25 Thomas Weimer GER 210 180 180 180 180 180 180 1290 300 181
26 Mikhail Kosonozhkin RUS 210 180 180 180 180 180 180 1290 300 135
27 Iurii Grushkovskyi UKR 210 180 180 180 180 180 180 1290 300
28 Malcolm Campbell AUS 210 180 180 180 180 180 180 1290 287
29 Jim Parker USA 210 180 180 180 180 180 180 1290 256
30 John Williams GBR 210 180 180 180 180 180 180 1290 204
31 Avner Studnik ISR 210 180 180 180 180 180 180 1290 193
32 Brussolo Vittorio ITA 210 180 180 180 180 174 180 1284
33 Laszlo Klenoczki HUN 210 180 180 180 180 180 172 1282
34 Miroslav Mandichev BUL 210 180 180 180 180 180 166 1276
35 Rolandas Mackus LTU 200 175 180 180 180 180 180 1275
36 Peter Barron USA 210 180 180 180 180 152 180 1262
36 Vasyl Bezchasnyy UKR 210 180 180 180 180 152 180 1262
38 Anders Klemetsen NOR 210 173 180 180 180 156 180 1259
39 Tomas Mackus LTU 210 180 180 180 180 180 148 1258
40 Jasminka Pecenkovic BIH 193 180 180 180 180 164 180 1257
40 Michal Dvorak CZE 210 180 180 147 180 180 180 1257
42 Hye Song Pak PRK 210 180 150 172 180 180 180 1252
43 Lauri Malila SUI 210 180 180 180 180 141 180 1251
43 Oleg Pshenychnyy UKR 210 180 180 151 180 180 170 1251
45 Leslie Farkas CAN 189 180 180 161 180 180 180 1250
45 Shlomi Rosenweig USA 210 180 180 180 180 140 180 1250
45 Julien Sion ROU 210 180 180 180 140 180 180 1250
48 Myong Bom So PRK 210 138 180 180 180 180 180 1248
48 Gobbo Massimiliano ITA 210 180 180 138 180 180 180 1248
50 Emmanuel Ragot FRA 210 147 180 166 180 180 180 1243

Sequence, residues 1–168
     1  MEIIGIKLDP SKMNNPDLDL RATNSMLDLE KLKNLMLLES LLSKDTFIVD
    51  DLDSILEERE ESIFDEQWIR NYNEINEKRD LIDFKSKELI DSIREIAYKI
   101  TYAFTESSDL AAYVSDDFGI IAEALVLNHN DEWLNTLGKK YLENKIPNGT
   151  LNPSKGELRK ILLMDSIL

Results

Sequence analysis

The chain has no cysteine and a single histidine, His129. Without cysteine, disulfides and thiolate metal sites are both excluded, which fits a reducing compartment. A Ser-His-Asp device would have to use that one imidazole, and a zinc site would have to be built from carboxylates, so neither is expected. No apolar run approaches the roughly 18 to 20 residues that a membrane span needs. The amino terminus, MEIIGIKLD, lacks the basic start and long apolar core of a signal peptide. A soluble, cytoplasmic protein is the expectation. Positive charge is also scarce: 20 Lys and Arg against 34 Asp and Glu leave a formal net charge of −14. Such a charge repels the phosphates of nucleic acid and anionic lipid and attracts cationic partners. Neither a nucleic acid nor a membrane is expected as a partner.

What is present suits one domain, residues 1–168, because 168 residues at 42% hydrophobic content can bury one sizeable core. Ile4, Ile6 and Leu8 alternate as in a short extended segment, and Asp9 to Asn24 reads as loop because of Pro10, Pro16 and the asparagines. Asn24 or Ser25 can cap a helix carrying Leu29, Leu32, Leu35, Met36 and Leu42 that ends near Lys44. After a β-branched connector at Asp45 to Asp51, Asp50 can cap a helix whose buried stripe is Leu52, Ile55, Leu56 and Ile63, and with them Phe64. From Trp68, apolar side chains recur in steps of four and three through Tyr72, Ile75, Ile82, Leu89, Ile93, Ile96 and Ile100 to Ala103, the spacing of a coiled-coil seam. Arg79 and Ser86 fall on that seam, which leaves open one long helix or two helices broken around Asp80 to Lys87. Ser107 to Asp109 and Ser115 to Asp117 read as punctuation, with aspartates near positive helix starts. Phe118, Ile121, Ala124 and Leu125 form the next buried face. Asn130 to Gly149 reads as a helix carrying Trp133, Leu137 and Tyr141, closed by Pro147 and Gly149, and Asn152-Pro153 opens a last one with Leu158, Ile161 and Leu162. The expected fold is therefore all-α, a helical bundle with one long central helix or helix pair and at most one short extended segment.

51 Cetin Kargin TUR 210 180 180 180 180 130 180 1240
52 Jari Valo FIN 183 180 156 180 180 180 180 1239
53 Daizo Ikoma JPN 210 127 180 180 180 180 180 1237
53 Brian Baines GBR 191 146 180 180 180 180 180 1237
55 Borislav Bardarov BUL 210 180 180 180 180 180 118 1228
56 Hua-Qiang Wang CHN 210 180 180 180 108 180 180 1218
57 Czeslaw Ziober POL 210 180 180 180 102 180 156 1188
58 Frank Adametz GER 104 180 180 180 180 180 180 1184
59 Bartosz Karlowski POL 101 180 180 180 180 180 180 1181
60 Viktor Khokhlov KAZ 210 180 180 104 180 141 180 1175
61 Amartuvshin Avirmed MGL 210 180 180 62 180 180 180 1172
62 Roman Golubowski POL 210 180 55 180 180 180 180 1165
63 Sung Hwan Son KOR 65 180 180 180 180 180 180 1145
64 Peter Allnutt CAN 145 180 92 180 180 180 180 1137
65 Maurizio Tomazzoni ITA 190 156 180 180 180 180 70 1136
66 Robert Lesko W/C 210 180 180 180 0 180 180 1110
66 Milos Bordoski SRB 82 180 128 180 180 180 180 1110
68 Helmut Fuss AUT 210 137 180 66 138 180 180 1091